Bundesliga Dortmund CEO Hans-Joachim Watzke said that large Middle Eastern investment in European football clubs "is unfair to other well-managed teams and Arab owners need to be more patient," according to Karolos Grohmann of REUTERS. The comments come just days after his club marched into the Champions League semifinals "with a last-gasp win over Qatar-owned Malaga." Watzke said, "This (big cash injections) is neither sportsmanlike nor fair and our core business is still sport. We do not need to come with respect and fair play if this is not reflected on all levels." Ligue 1 side Paris St. Germain has spent more than €200M ($262.53M) "in transfers since the Qatari fund QSI bought the club" in June '11. Watzke: "I have the feeling that some sheikhs looked at the flight schedules and then picked a pretty metropolis because that is where the connections to the Gulf region are the best. But that is not how it works" (REUTERS, 4/12).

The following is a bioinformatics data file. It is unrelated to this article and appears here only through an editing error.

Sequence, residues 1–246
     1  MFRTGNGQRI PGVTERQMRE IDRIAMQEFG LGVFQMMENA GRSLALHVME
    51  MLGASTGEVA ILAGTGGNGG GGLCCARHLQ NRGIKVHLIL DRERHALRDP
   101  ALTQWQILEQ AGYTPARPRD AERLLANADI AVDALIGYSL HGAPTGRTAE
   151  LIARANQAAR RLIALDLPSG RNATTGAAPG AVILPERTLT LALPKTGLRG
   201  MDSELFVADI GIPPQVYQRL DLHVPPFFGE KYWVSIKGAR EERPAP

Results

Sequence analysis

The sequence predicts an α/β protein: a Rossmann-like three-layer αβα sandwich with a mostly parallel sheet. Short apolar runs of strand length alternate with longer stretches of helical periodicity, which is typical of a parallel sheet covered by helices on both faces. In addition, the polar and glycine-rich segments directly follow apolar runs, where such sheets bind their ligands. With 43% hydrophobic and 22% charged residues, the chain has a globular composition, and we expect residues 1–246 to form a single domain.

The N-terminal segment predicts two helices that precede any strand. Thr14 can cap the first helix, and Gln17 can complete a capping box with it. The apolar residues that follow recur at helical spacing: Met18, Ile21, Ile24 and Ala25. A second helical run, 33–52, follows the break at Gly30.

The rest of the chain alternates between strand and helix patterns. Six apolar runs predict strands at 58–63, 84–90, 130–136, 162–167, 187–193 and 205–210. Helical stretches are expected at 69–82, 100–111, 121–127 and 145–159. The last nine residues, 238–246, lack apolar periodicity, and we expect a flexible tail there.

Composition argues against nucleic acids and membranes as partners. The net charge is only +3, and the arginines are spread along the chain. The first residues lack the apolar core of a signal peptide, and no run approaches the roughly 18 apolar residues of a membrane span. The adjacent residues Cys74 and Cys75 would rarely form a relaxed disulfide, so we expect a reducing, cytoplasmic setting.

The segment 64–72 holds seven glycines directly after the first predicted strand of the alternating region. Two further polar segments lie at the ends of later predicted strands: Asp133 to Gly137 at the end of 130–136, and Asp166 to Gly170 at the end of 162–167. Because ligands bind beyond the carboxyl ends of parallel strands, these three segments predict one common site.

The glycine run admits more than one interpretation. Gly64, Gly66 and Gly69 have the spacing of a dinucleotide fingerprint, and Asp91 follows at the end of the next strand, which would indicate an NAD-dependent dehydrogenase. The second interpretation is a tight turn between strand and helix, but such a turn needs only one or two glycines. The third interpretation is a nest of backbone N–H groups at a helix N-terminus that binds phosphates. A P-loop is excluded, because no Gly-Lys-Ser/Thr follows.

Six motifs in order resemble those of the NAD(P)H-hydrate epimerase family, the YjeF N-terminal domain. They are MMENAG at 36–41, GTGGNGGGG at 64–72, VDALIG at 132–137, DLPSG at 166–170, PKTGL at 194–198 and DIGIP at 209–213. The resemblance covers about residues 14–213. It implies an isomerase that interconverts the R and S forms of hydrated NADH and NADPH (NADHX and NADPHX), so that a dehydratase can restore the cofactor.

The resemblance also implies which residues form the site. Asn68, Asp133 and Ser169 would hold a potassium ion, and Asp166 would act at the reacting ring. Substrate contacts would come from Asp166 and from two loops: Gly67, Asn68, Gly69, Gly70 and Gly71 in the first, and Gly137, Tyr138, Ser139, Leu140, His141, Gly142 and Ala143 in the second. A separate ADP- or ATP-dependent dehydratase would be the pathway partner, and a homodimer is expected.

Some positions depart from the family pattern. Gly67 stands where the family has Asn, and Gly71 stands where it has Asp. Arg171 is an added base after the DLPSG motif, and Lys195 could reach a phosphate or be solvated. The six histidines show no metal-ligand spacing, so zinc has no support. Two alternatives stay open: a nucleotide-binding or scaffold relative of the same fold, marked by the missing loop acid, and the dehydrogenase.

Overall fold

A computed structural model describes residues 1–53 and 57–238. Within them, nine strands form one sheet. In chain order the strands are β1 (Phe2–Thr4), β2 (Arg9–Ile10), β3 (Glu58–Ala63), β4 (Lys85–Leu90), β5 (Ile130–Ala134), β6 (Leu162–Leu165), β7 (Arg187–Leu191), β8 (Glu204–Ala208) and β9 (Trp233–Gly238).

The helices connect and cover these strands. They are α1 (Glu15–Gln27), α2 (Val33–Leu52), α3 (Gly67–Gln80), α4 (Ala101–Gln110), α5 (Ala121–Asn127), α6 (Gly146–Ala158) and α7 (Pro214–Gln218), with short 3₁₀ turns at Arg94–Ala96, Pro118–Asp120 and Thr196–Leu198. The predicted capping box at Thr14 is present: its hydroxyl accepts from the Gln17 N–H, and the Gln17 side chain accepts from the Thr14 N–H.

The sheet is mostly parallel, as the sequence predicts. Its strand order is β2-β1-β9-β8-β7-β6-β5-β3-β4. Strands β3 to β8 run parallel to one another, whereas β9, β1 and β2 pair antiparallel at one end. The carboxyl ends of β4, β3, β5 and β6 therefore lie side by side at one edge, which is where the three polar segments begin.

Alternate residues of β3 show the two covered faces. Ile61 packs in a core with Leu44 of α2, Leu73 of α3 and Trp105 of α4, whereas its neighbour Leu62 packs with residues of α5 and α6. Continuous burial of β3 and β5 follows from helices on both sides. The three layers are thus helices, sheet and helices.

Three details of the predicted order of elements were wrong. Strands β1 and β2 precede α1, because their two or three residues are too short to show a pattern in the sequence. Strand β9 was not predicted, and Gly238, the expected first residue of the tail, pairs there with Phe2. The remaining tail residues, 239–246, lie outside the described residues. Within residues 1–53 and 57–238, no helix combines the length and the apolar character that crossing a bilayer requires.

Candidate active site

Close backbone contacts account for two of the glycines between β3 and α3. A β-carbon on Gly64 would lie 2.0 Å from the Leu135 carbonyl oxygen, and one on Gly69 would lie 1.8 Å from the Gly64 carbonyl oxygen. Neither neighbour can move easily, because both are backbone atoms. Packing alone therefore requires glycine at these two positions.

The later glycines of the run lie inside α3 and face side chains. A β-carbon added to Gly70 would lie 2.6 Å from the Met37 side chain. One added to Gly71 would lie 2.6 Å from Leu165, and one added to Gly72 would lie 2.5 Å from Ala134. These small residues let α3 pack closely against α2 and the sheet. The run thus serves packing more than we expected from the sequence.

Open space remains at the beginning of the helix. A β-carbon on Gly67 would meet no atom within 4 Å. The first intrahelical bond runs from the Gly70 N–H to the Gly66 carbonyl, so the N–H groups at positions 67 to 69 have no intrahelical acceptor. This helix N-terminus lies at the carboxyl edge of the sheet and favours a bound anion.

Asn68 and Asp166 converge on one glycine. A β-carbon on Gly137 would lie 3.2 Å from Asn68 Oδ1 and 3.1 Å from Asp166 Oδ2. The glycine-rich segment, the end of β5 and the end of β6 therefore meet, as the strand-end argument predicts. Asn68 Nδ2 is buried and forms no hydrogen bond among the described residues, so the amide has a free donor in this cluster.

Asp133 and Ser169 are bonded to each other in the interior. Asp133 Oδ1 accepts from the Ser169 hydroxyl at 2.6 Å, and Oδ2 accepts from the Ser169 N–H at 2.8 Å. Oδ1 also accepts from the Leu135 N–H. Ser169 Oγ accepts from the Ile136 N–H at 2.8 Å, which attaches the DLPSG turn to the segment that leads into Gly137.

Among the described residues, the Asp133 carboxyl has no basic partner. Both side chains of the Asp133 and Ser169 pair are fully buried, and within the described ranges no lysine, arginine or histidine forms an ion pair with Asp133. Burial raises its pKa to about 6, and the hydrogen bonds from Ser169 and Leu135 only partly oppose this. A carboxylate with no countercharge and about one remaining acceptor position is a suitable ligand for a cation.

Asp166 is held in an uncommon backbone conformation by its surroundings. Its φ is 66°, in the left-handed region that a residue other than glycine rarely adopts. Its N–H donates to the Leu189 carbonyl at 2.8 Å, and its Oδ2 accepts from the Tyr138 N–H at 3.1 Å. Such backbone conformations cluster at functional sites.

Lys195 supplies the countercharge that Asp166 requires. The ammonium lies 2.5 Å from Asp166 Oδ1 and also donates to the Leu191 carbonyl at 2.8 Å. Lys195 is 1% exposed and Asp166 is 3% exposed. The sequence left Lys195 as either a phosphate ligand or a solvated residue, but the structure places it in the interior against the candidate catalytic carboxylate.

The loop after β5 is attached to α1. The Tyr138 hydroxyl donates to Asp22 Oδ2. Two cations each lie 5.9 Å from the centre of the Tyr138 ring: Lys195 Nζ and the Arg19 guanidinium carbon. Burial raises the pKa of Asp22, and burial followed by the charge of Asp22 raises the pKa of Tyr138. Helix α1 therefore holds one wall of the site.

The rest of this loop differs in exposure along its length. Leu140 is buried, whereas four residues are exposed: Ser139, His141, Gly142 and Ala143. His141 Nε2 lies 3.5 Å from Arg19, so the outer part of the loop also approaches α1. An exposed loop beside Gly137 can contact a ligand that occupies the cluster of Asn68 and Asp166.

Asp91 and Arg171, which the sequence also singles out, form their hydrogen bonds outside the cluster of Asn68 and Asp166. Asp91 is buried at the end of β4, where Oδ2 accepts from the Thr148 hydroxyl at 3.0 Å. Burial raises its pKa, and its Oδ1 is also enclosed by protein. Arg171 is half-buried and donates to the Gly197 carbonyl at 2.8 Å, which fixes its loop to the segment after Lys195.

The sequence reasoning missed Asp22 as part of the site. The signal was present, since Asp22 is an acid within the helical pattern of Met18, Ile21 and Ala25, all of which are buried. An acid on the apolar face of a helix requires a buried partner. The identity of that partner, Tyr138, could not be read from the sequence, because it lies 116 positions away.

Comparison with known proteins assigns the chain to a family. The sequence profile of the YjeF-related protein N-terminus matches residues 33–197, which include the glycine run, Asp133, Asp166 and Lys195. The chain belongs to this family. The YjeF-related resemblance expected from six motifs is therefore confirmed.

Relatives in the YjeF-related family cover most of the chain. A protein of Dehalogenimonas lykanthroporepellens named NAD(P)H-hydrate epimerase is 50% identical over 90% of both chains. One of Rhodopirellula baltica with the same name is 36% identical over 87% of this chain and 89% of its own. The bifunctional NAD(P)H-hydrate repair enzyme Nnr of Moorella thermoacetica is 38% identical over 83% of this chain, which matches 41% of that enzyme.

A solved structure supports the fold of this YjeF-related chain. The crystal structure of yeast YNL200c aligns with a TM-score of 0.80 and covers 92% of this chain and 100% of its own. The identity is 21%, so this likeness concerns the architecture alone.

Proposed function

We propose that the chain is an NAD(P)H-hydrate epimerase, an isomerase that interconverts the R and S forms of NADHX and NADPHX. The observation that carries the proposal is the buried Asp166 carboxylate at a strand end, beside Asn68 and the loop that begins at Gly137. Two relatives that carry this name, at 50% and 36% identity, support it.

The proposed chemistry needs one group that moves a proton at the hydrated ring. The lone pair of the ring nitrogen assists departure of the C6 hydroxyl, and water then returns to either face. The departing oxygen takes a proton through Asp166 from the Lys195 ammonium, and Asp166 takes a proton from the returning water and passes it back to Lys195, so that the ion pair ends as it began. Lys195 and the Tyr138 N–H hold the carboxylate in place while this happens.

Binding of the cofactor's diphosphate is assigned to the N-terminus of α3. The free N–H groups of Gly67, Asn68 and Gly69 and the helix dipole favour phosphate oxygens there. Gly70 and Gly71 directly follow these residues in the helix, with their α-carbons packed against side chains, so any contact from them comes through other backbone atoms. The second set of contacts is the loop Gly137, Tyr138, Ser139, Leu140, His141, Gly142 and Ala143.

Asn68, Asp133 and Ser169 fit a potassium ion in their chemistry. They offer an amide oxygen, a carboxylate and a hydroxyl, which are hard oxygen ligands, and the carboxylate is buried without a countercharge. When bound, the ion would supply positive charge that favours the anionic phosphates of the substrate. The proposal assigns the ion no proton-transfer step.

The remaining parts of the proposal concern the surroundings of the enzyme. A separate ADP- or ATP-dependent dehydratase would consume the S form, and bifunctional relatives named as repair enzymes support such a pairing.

The sound of the vuvuzela could fade from South African football grounds, but "not because of the droning wall of noise that made it so unpopular with global audiences during the 2010 World Cup." Premier League officials say that "though they are not yet pursuing a ban, it has become a topic of conversation after a rise in incidents where the vuvuzela was used to cause harm" (SOWETAN LIVE, 4/12). ... Real Madrid will spend this summer in the U.S., based at UCLA. Los Blancos spent last summer there, and they "will replicate those plans" for this preseason (FOOTBALL ESPAÑA, 4/14). ... "Cash-strapped" Indonesian football club Persibo was deciding Thursday "whether to withdraw from the AFC Cup after a 'shameful' performance in Hong Kong" when it ran out of players, forcing the match to be abandoned. The club "only had 12 players available for the match, with some having left after the side’s major shareholder stopped paying the team and staff in January," and others suspended (JAKARTA GLOBE, 4/12).